Presented talk at the American Chemical Society National Meeting

Nitrogen Cycling - Summers SSX
Nitrogen Cycling - Summers SSX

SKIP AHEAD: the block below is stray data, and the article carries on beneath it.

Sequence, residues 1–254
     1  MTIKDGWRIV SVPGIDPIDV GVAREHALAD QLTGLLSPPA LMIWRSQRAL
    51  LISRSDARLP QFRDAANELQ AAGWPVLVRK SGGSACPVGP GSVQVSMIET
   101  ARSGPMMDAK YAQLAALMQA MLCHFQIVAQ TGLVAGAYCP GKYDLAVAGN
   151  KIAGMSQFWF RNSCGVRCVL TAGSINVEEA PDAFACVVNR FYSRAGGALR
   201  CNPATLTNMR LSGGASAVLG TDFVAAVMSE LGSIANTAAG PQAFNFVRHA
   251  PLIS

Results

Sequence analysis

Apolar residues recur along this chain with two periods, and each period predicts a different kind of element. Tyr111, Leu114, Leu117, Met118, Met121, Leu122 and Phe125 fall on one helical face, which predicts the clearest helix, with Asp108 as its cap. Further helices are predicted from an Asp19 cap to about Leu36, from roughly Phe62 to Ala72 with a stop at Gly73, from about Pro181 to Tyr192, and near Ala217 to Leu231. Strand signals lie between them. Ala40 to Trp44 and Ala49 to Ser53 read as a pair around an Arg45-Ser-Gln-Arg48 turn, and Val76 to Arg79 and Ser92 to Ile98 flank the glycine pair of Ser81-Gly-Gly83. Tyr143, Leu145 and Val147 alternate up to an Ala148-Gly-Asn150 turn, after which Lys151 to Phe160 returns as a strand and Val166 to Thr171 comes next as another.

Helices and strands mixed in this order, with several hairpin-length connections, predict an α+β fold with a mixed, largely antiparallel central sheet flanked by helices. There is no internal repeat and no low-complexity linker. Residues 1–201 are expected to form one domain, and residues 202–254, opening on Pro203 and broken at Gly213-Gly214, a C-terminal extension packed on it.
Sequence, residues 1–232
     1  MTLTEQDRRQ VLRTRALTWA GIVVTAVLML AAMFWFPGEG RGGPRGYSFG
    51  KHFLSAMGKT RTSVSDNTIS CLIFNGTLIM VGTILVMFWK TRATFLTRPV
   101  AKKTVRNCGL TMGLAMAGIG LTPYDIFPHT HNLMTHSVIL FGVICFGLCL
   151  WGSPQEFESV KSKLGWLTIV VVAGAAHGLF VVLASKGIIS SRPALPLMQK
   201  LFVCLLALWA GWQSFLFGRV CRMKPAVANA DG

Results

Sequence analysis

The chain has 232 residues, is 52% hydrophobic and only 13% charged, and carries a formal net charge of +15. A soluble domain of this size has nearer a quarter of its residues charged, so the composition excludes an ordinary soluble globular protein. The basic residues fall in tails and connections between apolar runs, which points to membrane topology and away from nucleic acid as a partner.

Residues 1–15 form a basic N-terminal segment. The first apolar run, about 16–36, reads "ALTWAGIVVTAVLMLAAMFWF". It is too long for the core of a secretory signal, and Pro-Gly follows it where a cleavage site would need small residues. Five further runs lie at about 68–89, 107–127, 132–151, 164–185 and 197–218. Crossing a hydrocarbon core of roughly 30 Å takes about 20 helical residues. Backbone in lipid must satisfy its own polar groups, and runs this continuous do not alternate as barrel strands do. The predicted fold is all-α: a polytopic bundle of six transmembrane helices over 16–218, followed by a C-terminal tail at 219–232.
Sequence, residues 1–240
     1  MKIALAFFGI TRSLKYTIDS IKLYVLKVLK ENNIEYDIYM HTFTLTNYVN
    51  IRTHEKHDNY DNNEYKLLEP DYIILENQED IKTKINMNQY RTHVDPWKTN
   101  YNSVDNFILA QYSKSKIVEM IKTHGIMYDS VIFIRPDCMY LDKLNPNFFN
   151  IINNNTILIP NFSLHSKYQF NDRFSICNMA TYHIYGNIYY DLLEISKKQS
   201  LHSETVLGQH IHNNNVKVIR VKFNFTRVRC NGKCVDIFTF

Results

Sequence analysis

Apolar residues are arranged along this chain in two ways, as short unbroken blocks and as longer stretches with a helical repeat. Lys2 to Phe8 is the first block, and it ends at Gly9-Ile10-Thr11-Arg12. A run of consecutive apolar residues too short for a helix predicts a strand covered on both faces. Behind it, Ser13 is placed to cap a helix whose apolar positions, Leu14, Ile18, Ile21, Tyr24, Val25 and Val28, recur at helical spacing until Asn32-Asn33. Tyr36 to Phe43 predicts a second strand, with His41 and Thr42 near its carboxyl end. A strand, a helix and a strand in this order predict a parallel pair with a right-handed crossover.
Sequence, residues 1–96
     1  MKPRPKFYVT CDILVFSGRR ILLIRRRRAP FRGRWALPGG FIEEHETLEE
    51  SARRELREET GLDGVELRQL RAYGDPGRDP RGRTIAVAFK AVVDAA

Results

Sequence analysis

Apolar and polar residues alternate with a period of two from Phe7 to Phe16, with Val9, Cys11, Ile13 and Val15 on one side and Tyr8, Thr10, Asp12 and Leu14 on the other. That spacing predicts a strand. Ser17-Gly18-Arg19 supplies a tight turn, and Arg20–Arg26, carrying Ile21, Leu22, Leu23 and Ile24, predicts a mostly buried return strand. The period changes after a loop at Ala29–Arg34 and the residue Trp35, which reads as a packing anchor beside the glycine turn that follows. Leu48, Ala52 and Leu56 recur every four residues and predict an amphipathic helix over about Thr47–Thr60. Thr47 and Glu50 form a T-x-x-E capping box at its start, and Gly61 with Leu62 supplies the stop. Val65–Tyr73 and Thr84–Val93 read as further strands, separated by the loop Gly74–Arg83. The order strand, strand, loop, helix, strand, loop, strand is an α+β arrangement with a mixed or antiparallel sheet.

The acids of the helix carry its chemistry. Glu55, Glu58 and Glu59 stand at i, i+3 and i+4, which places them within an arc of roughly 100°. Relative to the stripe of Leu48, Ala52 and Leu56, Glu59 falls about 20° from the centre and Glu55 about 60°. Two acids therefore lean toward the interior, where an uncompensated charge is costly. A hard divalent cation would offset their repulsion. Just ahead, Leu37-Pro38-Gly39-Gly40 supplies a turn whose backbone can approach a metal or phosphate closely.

Dr. David Summers presented a paper at the American Chemical Society National Meeting entitled: Abiotic fixation of nitrogen on terrestrial planets: Experimental results and their implications. Abstract: The abiotic fixation of nitrogen on the early Earth and other terrestrial planets is important for habitability, life, and geochemistry. Using Mars as an example, an atmospheric pressure below the triple-point leaves Mars unable to support liquid water (and life) on its surface. How Mars lost its nitrogen is unknown. On possibility is abiotic fixation into the crust. Finally, without nitrogen, life as we know it could not arise. A source of nitrogen in a biochemically accessible form is necessary for the origin and early evolution of life. Eventually, a source of reduced nitrogen (ammonia or organic nitrogen) is necessary. We present experimental results on the chemistry of gaseous NO (which would be formed from shock heating) to aqueous products such as ammonia and nitrate/nitrite. We find that such chemistry can go via three different pathways; through HNO, through NO2, or direct by reduction of NO. [Caption of figure. Summary or abiotic nitrogen fixation pathways on terrestrial planets.]